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Hoffmann, R. A wiki for the life sciences where authorship matters. Nature Genetics (2008)
 
 
 
 
 

Impaired elimination of DNA double-strand break-containing lymphocytes in ataxia telangiectasia and Nijmegen breakage syndrome.

The repair of DNA double-strand breaks is critical for genome integrity and tumor suppression. Here we show that following treatment with the DNA-intercalating agent actinomycin D (ActD), normal quiescent T cells accumulate double-strand breaks and die, whereas T cells from ataxia telangiectasia (AT) and Nijmegen breakage syndrome (NBS) patients are resistant to this death pathway despite a comparable amount of DNA damage. We demonstrate that the ActD-induced death pathway in quiescent T lymphocytes follows DNA damage and H2AX phosphorylation, is ATM- and NBS1-dependent and due to p53-mediated cellular apoptosis. In response to genotoxic 2-Gy gamma-irradiation, on the other hand, quiescent T cells from normal donors survive following complete resolution of the damage thus induced. T cells from AT and NBS patients also survive, but retain foci of phosphorylated H2AX due to a subtle double-strand break (DSB) repair defect. A common consequence of these two genetic defects in the DSB response is the apparent tolerance of cells containing DNA breaks. We suggest that this tolerance makes a major contribution to the oncogenic risk of patients with chromosome instability syndromes.[1]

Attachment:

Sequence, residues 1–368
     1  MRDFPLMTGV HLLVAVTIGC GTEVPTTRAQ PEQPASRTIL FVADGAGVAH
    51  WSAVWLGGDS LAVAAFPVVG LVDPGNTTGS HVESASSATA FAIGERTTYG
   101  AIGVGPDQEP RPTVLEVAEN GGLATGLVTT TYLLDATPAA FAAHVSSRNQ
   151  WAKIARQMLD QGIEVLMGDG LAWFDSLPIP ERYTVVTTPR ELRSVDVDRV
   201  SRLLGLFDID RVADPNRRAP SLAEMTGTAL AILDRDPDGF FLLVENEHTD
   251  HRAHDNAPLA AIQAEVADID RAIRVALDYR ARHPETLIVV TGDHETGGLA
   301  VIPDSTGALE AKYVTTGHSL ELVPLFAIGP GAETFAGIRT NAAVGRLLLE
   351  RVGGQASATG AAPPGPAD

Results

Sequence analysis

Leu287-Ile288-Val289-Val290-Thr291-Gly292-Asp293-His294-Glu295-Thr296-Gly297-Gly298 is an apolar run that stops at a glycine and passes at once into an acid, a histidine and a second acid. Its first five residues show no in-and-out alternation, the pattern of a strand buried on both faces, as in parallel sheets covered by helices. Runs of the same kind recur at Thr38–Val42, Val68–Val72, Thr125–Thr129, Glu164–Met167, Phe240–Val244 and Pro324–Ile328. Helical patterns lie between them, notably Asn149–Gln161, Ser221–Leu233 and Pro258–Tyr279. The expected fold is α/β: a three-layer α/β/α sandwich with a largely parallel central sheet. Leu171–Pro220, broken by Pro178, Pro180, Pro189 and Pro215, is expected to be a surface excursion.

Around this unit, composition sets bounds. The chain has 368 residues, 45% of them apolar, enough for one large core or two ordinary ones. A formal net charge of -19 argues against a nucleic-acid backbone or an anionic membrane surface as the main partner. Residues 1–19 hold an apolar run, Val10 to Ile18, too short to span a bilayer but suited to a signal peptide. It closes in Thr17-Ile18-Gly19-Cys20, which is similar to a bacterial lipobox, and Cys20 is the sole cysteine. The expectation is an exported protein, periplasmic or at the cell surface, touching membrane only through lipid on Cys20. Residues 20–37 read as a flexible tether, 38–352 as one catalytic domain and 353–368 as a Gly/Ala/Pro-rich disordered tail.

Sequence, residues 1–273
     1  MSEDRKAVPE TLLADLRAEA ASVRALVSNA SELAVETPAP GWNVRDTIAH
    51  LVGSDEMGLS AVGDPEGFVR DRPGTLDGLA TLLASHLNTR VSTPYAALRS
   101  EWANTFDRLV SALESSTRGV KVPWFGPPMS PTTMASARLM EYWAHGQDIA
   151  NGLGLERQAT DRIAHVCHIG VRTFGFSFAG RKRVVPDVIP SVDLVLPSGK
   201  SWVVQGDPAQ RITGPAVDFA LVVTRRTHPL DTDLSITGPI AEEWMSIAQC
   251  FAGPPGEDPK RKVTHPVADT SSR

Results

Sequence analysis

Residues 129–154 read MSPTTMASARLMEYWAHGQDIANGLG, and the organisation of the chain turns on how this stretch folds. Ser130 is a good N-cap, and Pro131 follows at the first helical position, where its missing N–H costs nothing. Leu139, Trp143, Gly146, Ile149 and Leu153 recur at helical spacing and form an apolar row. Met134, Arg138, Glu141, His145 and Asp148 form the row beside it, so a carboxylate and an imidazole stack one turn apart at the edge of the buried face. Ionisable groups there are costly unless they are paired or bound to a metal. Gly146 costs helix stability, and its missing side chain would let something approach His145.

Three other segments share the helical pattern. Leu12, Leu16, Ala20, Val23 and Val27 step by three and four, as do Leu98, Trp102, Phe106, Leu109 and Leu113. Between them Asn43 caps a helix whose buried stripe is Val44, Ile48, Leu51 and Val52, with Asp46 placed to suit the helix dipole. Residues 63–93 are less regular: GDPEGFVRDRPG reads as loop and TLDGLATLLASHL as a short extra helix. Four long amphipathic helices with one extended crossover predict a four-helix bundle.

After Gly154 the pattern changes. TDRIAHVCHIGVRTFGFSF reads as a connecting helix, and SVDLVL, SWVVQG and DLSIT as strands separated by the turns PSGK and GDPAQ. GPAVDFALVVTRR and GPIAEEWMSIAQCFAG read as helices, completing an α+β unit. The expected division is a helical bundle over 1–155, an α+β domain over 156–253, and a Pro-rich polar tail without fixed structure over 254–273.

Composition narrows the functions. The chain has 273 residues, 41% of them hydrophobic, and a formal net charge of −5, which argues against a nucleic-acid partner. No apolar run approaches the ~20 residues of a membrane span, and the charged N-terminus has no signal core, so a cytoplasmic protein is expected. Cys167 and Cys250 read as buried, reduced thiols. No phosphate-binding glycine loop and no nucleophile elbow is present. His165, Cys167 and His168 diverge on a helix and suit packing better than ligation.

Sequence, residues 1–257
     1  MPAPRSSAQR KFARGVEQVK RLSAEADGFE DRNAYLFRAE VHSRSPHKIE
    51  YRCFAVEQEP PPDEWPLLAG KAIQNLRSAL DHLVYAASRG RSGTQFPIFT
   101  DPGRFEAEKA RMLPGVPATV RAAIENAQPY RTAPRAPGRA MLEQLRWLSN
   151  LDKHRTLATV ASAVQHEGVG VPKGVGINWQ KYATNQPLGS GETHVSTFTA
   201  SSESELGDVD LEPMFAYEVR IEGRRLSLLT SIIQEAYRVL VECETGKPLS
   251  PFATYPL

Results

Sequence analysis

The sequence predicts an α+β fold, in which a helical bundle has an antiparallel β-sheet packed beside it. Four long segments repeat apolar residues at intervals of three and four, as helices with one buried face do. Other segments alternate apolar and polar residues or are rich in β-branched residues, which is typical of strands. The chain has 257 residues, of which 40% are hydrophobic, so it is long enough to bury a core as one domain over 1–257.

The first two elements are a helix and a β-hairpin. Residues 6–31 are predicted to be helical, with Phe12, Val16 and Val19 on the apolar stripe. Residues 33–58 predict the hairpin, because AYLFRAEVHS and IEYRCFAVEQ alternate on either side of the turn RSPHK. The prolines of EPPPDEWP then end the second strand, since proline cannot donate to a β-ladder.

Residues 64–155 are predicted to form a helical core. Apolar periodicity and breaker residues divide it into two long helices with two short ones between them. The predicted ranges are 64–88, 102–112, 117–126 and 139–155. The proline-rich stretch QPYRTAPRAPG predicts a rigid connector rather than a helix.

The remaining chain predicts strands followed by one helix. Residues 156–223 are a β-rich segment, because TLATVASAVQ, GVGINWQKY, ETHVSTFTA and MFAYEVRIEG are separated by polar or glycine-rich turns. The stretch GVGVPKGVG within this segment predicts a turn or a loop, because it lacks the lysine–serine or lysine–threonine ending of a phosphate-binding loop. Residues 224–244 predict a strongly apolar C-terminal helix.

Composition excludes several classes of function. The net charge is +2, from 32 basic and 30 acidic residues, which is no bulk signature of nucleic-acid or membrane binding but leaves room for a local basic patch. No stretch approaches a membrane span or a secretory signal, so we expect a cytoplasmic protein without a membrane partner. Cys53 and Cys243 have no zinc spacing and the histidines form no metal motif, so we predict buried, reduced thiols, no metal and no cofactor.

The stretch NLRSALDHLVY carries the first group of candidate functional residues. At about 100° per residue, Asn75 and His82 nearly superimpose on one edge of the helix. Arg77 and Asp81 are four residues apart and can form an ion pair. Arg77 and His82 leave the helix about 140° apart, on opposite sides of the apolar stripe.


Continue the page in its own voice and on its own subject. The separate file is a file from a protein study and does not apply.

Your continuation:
References

  1. Impaired elimination of DNA double-strand break-containing lymphocytes in ataxia telangiectasia and Nijmegen breakage syndrome. Porcedda, P., Turinetto, V., Lantelme, E., Fontanella, E., Chrzanowska, K., Ragona, R., De Marchi, M., Delia, D., Giachino, C. DNA Repair (Amst.) (2006) [Pubmed]
 
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